A Normally Closed Momentary Switch (NKK) - Very cheap and tiny, on Amazon: XLX 50pcs Red Cap 7mm Mini Lockless SPST Momentary Micro OFF Switch 2 Pin Push Button ( AC 120V/6A or AC 250V/3A ) Assortment Kit -- less than $13 for 50 of them. Small enough to hide near the mic end and depress with your off hand, or create a pedal version by mounting the switch inside a wooden block or rigid project box. You don't want to mount the switch in such a way that you would break it with your foot weight, so make sure it sits slightly below the box at the right height such that the box would take the brunt of the weight.
Alternatively, for a few dollars each, SPST Momentary Foot Switch - Normally Closed - Soft Touch - Short Shaft - Pre-Wired -- this is available and designed for using your foot. I found it on "Love my Switches"
In an XLR cable, you simply pick a wire that is not ground. In an XLR cable there are three wires, ending in 3 pins. In a female XLR, the top right is ground, and the other two are signal. In some cables, the red wire and black wire carry signal, white is ground, in others red and white carry signal and black is ground, since it was up to the cable manufacturer. you can test this at one end. In a male XLR everything is swapped left for right, so the top right is ground. Video of someone doing it: https://www.youtube.com/watch?v=rS1gZ7zbvsM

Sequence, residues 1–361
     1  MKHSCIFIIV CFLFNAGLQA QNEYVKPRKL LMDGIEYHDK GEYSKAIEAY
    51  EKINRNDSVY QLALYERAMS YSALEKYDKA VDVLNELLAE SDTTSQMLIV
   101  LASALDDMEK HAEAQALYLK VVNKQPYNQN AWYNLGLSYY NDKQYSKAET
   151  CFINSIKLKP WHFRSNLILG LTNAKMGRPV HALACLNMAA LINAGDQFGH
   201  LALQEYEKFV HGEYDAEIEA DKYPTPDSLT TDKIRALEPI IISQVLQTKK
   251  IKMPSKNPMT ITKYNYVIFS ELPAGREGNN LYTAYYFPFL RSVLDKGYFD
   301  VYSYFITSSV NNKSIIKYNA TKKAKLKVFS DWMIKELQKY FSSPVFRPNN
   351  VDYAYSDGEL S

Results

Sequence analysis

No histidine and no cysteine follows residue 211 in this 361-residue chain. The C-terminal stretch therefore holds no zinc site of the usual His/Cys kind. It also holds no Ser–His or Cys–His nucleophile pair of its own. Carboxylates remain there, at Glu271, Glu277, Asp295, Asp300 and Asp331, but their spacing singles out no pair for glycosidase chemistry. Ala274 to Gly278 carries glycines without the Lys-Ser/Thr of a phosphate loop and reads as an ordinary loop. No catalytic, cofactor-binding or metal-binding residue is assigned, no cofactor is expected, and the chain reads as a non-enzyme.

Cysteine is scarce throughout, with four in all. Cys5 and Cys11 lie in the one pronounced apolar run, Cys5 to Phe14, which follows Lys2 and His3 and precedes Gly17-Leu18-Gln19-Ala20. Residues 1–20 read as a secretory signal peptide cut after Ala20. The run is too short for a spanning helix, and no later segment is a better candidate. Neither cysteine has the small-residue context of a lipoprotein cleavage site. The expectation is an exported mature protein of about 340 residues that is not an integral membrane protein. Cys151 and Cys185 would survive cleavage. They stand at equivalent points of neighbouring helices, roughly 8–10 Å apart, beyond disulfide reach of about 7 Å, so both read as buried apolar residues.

In a 3.5mm, you have 3 or 4 wires depending on the plug. For example, this one has wires for both a mic and a headphone: https://www.digikey.com/product-detail/en/tensility-international-corp/CA-354S/CP-354S-ND/382910
It is possible to test resistance to determine what wires your microphone is using. The speakers are usually between 80 ohms and the mic is around 1k ohm and apply very light current to determine which is left and which is right channel.
The common assignment of the tip is:
- Tip = blue (left audio)
- Ring 1 (closest to tip) = right audio (red)
- Ring 2 = ground (black/copper)
- Sleeve = microphone (white)
So you would put your NC switch inline in the White wire (usually).
If there is only left/right (for a stereo mic) there are some tricks using a small circuit to get one switch to control two channels, or you can use two switches (one for left and one for right) and either glue something to them so they get depressed at the same time, or hold both buttons to do both L/R. Or, you can get a two-pole (dipole) switch. (The ones I mentioned are single pole).
An example of a multi-pole foot switch is DeMont / Guyatone 3PDT Smooth-Click Foot Switch, Highest Quality Stomp Box Switch